The activists don’t really expect to overturn the results of the election. But it keeps their image as abortion warriors fresh in the minds of their supporters, and we suppose that must have some value to them.

But at what cost to the rest of us? More division, of course, and more doubt sown in the minds of a weary public about yet another institution central to the life of our democracy. No bond Leavitt and Gietzen could manage to post to move forward with the recount will offset those damages.


Topeka Capital-Journal. August 12, 2022.

Editorial: Travis Shumake endorsement is creative and welcome thinking from Visit Topeka and Pride Kansas

Travis Shumake, son of the late NHRA racer Tripp Shumake, was to make his Funny Car debut Friday at the National Hot Rod Association’s Camping World Series at Heartland Motorsports Park in Topeka.

In doing so, he’ll race in front of nearly 40,000 people — including family and friends — but his debut is special for more than just that. In making his debut, he’ll be the NHRA’s first openly gay drag racer.

He’ll also be promoting Topeka and celebrating the many LGBT people in Kansas.

“For them to be with me in Kansas on the starting line, watching another Shumake take off at five Gs down the drag strip, will be a cool moment,” he said, “and I’m so grateful I get to be a part of bring them back to a sport that’s been so important for us.”

The Topeka Capital-Journal’s Rafael Garcia reports Shumake’s rainbow-colored dragster — complete with rainbow parachutes — is the result of a first-of-its-kind sponsorship deal with Visit Topeka, the city’s destination marketing organization, and Pride Kansas as the organizations look to promote the city in an inclusive way.

“Having that visibility in the NRHA will show that all aspects of Kansas are inclusive, and we do value diversity,” said Shawn Zarazua, a Pride Kansas committee member. “It’s going to give a voice to people who maybe didn’t feel included before, and it’ll let them know that we see them, we recognize them, and we want the LGBTQ+ community to be visible in all aspects of Kansas communities, society and culture.”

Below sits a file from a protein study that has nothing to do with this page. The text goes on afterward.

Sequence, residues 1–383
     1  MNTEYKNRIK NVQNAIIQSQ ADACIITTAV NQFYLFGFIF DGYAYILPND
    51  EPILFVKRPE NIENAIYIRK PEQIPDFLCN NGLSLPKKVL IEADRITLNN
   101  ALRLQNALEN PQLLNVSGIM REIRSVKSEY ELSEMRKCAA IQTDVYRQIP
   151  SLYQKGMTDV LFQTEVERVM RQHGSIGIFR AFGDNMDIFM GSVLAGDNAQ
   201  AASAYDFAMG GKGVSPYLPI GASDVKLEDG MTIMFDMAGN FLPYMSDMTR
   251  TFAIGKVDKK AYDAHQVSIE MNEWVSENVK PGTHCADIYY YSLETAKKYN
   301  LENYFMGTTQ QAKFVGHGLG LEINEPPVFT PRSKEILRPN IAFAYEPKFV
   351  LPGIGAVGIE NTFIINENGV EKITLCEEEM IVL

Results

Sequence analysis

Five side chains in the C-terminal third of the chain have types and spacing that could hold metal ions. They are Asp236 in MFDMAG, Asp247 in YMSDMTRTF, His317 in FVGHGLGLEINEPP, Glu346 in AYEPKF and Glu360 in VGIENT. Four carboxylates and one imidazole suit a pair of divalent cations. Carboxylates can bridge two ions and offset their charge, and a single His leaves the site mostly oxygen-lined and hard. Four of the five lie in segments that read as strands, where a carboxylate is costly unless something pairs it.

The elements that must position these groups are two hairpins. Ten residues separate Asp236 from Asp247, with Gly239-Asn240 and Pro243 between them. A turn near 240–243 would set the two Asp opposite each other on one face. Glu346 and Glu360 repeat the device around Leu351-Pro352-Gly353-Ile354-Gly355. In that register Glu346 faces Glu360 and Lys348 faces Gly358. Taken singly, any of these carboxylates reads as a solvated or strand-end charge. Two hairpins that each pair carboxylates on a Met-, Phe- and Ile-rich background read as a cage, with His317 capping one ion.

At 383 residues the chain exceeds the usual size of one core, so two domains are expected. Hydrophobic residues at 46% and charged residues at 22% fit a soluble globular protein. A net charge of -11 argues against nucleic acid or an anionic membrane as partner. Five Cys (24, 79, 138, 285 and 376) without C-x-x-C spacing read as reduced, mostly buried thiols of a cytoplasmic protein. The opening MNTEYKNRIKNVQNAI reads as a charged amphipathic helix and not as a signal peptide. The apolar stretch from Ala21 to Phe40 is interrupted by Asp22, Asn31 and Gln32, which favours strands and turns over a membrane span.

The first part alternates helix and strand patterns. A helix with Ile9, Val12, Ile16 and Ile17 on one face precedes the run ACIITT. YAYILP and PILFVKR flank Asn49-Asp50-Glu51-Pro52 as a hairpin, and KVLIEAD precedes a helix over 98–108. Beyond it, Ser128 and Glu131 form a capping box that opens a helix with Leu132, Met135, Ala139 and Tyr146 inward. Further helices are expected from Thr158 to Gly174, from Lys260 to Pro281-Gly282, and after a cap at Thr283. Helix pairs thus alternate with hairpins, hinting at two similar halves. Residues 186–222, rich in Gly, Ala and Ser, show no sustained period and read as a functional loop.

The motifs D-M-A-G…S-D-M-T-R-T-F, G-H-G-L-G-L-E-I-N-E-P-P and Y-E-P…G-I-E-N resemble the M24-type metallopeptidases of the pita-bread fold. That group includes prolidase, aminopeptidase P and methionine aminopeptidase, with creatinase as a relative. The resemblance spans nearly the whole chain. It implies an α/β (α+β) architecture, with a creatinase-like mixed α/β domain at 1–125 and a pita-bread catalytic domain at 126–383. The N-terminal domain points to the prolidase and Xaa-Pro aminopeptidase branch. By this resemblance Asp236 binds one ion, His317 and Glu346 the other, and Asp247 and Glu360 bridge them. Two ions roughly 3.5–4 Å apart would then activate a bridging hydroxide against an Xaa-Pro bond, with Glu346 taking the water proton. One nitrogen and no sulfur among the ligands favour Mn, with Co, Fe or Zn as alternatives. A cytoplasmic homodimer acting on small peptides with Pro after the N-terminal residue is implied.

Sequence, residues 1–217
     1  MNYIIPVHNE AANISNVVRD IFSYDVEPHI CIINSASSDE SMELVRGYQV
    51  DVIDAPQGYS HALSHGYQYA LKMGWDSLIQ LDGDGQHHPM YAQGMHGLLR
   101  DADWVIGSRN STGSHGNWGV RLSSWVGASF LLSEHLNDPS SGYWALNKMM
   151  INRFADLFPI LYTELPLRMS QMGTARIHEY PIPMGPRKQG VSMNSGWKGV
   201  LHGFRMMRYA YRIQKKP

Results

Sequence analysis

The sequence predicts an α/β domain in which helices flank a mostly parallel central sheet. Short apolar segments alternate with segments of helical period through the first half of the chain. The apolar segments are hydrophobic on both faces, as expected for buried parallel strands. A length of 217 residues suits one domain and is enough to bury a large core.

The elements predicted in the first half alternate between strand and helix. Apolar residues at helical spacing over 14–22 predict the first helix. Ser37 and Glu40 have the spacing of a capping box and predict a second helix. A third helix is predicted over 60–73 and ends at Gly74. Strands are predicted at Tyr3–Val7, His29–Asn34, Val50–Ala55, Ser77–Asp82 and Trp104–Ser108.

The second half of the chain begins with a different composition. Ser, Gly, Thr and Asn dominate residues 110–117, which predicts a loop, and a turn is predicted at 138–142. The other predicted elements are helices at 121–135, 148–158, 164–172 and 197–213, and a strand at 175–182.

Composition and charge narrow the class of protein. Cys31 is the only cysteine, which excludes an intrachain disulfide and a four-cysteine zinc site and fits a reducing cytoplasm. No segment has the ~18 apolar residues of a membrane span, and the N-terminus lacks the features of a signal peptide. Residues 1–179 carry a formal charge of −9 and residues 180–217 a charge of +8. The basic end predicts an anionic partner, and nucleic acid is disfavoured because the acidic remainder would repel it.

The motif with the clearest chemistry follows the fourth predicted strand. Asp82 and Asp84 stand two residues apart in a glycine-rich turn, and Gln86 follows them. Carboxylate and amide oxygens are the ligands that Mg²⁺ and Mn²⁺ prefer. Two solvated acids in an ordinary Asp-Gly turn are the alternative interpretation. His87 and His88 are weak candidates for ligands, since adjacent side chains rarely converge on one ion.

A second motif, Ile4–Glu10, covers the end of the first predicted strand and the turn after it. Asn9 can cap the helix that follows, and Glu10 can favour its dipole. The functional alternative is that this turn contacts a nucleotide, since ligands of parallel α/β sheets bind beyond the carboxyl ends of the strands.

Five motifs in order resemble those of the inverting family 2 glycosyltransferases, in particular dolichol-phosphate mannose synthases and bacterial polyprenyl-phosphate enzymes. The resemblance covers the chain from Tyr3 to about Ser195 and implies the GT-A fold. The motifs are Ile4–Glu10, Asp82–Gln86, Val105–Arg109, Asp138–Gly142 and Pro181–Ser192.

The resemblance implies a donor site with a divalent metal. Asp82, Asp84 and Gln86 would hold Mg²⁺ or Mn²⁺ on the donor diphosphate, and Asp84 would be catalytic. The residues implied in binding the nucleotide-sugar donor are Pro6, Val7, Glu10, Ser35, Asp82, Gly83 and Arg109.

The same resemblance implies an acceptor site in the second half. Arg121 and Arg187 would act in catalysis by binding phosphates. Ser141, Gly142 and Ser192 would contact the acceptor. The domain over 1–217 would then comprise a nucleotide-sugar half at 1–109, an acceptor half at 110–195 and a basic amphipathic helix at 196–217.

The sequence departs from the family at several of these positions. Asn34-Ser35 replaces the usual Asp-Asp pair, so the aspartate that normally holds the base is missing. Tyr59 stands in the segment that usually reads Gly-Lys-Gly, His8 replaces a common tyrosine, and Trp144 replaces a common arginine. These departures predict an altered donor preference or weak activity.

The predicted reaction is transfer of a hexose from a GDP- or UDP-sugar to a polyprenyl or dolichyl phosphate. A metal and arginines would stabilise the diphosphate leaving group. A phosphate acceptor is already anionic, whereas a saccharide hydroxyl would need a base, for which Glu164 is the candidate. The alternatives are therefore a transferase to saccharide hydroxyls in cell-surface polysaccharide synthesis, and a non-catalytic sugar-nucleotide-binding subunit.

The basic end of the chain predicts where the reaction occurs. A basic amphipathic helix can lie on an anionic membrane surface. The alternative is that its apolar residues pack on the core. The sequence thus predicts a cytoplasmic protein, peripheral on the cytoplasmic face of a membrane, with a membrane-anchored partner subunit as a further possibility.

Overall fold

Sean Dixon, president of Visit Topeka, told Garcia the partnership pairs a racer who could increase visibility for a city and sport that historically have been characterized as conservative and unwelcoming to LGBTQ people. The sponsorship will also provide visibility to Pride Kansas’ upcoming three-day event starting Sept. 24, billed as the state’s first statewide LGBTQ festival.

“We had this opportunity to marry a new audience to a historic Topeka tourism event that just hasn’t seen or had that exposure,” Dixon said.

We think this is a great partnership. It demonstrates creative thinking, breaking stereotypes and embracing diversity. And what a flashy way to do it.

It’s inspiring, and we understand Shumake feels some pressure. Being a trailblazer isn’t easy. Nevertheless, we wish him luck. Top City is backing you.

Good luck, Travis!